First Report of Scab on Cultivated Wild Rice in Minnesota. R. F. Nyvall, University of Minesota, North Central Experiment Station, 1861 Highway 169 E., Grand Rapids, 55744 . R. A. Porter, University of Minesota, North Central Experi-ment Station, 1861 Highway 169 E., Grand Rapids, 55744 and J A. Percich, Department of Plant Pathology, University of Minnesota, St. Paul 55108. Plant Dis. 79:82. Accepted for publication 29 November 1994. Copyright 1995 The American Phytopathological Society. DOI: 10.1094/PD-79-0082D.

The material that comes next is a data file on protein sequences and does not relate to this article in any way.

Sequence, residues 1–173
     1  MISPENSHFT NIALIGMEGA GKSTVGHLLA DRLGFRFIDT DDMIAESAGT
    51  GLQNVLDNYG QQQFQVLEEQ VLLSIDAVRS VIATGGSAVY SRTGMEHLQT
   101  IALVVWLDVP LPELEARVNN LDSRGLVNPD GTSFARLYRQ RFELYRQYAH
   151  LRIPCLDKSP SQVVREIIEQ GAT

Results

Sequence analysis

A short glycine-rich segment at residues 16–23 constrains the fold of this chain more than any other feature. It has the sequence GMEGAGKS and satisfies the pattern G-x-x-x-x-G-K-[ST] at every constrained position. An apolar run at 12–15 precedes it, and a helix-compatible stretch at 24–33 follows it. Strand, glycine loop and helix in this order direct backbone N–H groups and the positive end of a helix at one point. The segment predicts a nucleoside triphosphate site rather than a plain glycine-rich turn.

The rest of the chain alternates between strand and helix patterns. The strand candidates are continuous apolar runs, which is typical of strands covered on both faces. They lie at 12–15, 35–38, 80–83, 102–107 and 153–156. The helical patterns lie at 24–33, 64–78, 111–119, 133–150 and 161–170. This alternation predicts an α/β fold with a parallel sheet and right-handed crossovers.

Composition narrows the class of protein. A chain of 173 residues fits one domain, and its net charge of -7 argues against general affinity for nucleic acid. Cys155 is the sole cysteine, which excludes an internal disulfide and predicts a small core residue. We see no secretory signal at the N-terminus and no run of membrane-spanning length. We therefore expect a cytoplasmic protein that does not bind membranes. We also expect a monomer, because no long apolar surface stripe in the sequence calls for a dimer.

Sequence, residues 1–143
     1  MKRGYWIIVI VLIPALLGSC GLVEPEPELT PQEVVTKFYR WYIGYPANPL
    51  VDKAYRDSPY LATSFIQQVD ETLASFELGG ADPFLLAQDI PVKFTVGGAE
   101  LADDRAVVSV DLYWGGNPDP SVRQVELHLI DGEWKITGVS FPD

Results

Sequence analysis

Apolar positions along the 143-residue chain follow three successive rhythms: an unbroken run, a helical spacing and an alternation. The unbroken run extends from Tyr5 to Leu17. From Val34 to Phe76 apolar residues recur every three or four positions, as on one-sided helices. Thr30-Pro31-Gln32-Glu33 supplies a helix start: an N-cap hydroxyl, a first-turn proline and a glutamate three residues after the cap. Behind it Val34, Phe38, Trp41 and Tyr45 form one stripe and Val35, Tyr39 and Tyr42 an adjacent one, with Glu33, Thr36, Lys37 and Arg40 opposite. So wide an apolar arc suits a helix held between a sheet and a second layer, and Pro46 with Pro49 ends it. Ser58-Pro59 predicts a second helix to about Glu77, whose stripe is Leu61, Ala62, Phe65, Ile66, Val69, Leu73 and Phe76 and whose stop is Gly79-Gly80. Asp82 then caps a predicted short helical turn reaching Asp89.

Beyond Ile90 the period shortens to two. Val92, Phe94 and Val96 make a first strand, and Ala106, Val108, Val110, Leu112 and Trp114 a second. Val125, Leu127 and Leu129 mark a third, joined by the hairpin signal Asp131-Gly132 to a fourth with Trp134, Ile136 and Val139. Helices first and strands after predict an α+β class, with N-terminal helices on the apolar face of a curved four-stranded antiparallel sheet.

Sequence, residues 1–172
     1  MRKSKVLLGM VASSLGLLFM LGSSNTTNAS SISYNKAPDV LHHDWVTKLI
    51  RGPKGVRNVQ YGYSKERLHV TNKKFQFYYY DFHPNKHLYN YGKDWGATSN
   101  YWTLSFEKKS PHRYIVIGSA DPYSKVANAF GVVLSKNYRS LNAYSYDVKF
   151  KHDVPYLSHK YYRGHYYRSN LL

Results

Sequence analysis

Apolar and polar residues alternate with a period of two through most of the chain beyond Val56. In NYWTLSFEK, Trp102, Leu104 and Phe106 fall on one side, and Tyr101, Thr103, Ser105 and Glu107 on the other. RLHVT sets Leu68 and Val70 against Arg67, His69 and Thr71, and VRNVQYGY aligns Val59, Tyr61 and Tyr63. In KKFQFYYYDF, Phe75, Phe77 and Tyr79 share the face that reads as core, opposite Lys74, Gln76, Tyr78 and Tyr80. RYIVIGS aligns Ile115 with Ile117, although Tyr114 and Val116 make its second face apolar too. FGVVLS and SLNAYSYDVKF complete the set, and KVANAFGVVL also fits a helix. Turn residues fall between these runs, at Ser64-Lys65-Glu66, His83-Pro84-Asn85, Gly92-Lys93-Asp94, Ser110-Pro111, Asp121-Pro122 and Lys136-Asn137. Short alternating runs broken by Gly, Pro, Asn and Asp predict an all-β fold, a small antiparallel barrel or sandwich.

Fusarium spp. were isolated from seed of cultivated wild rice (Zizania palustris L.) that was dried to 20-21% moisture content following the 1993 growing season. Fusarium graminearum Schwabe was isolated most frequently, but F. culmorum (Wm. G. Sm.) Sacc, F. moniliforme J Sheld., F. sporotrichoides Sherb., and F. subglutinans (Wollenweb. & Reinking) P. E. Nelson, T. A. Toussoun, & Marasas also were isolated. Fusarium spp. were not isolated from seed stored in water immediately after harvest, the normal procedure to store seed for sowing the following year. Scab has not been reported on cultivated wild rice. Therefore, during the 1994 growing season, plants in the field were observed at four different locations approximately every 10 days, beginning at anthesis, for symptoms of infection by Fusarium spp. We observed spikelets that were bleached to a tan color and were either sterile or contained shriveled and discolored seed. Frequently a pink to orange discoloration caused by sporodochia containing conidia, conidiophores, and mycelium was observed during high humidity conditions. Fusarium graminearum was isolated from 100% of spikelets and seed displaying these symptoms. Other Fusarium spp. were not isolated from symptomatic seed in 1994. Conditions for the cultivation of wild rice, especially high humidity, are optimum for scab development. To our knowledge this is the first report of scab on cultivated wild rice. Cultivated wild rice is now becoming widely used in rice mixtures and other foodstuffs throughout the United States. Therefore, this represents another mode by which harmful toxins that may potentially be produced by Fusarium spp. are introduced into the human food chain.